Rita’s program, implemented in stages, was supported with a $2.47 million Title V Developing Hispanic Serving Institution grant received by the University from the U.S. Department of Education in 2007. La Verne was one of five colleges to receive the grant. Rita was the one who proposed the grant, and she was in charge of managing the application process. “I think when you’re in a classroom, it’s a lot of fun,” Rita says. “You’re with a lot of students, but when you’re in a classroom, you influence just those students. With the associate dean position I do, you touch the whole student body even if they don’t know it. I can develop programs and improve the programs. Even though I miss the classroom and meeting with students, I think it’s more rewarding because of what I’ve been able to do.”
Nevertheless, her personal touch is there. Rita helps students, especially those with personal or academic issues. She asks the academic advisers to tell her when a student is struggling. “These days, there’s so much more mental illnesses and issues, stress relieved issues and family related issues, and there’s so many students who need support and somebody to believe in them,” Rita says. “For students who are not doing so well, they need somebody there to say, ‘I’ll support you.’” Financial hardships too confound students. Hearing the news that a student dropped out last year for financial reasons, Rita talked personally to financial aid officials. As a result, enhanced aid came his way; the student since graduated. “That’s what we have to do; that’s what La Verne has to do,” Rita says. “It doesn’t matter what major they are. They’re all our students—they come to La Verne.” Her care extends to the dining hall. She recalls that Ahmed Ispahani, professor of business sciences and economics, saw a student eating and asked the student whether it was his breakfast or lunch. The student said it was his only meal since he could not afford more than one meal. Following, Rita and Ahmed talked to Davenport staff, and they both contributed to purchasing a meal plan card for the student. “How can I eat three meals and a kid is going hungry,” Rita says. “When we talk about social justice, we all have responsibility to do something.”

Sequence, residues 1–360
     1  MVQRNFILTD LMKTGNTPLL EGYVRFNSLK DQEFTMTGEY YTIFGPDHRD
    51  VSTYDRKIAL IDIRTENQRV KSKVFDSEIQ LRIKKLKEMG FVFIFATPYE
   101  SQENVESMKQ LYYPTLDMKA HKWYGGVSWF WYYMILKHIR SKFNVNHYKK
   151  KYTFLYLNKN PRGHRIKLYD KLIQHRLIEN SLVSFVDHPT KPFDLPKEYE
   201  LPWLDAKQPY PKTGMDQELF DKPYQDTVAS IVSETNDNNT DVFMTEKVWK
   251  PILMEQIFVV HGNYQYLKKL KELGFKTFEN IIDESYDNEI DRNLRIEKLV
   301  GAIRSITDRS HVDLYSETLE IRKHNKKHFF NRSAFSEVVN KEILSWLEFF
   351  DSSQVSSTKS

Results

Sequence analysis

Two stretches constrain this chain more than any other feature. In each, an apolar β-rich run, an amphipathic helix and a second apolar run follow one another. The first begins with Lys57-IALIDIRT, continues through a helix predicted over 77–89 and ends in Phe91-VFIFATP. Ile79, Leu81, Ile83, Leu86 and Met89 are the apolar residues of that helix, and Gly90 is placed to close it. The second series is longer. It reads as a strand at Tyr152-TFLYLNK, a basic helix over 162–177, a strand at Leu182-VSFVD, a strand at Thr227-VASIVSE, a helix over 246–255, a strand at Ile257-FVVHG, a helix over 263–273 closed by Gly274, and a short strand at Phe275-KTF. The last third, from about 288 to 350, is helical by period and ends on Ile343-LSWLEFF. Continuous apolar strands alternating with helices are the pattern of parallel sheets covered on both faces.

“Working in La Verne has given meaning to my life and the opportunity to be me. I am able to do things that are important to me and to make a positive difference in the community. I’m grateful to La Verne for allowing me to do that. I’ve done everything that my heart wants me to do. How lucky can a person be? To have a wonderful family, the most wonderful dean to work with, a wonderful team, and the University that allows me to do things that give me meaning to my life—how can you be more fortunate? I love this school. It makes such difference in the lives of students. It’s going to stay here—whatever I’ve done for the school—long after I’m gone, and I’m really, really happy about that.”